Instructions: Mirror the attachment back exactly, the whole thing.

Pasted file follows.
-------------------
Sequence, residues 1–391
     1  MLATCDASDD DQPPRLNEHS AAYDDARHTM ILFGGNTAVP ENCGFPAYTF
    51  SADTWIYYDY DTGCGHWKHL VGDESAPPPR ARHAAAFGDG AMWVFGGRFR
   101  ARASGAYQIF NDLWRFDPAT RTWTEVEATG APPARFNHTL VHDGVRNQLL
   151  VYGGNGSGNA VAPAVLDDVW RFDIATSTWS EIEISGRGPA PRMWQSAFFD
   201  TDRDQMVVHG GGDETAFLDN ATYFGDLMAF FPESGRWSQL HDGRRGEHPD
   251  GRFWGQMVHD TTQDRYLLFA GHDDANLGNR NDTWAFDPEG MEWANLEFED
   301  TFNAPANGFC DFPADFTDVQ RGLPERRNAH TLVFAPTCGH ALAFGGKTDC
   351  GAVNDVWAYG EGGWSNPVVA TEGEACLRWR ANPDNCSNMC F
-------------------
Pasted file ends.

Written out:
Sequence, residues 1–391
     1  MLATCDASDD DQPPRLNEHS AAYDDARHTM ILFGGNTAVP ENCGFPAYTF
    51  SADTWIYYDY DTGCGHWKHL VGDESAPPPR ARHAAAFGDG AMWVFGGRFR
   101  ARASGAYQIF NDLWRFDPAT RTWTEVEATG APPARFNHTL VHDGVRNQLL
   151  VYGGNGSGNA VAPAVLDDVW RFDIATSTWS EIEISGRGPA PRMWQSAFFD
   201  TDRDQMVVHG GGDETAFLDN ATYFGDLMAF FPESGRWSQL HDGRRGEHPD
   251  GRFWGQMVHD TTQDRYLLFA GHDDANLGNR NDTWAFDPEG MEWANLEFED
   301  TFNAPANGFC DFPADFTDVQ RGLPERRNAH TLVFAPTCGH ALAFGGKTDC
   351  GAVNDVWAYG EGGWSNPVVA TEGEACLRWR ANPDNCSNMC F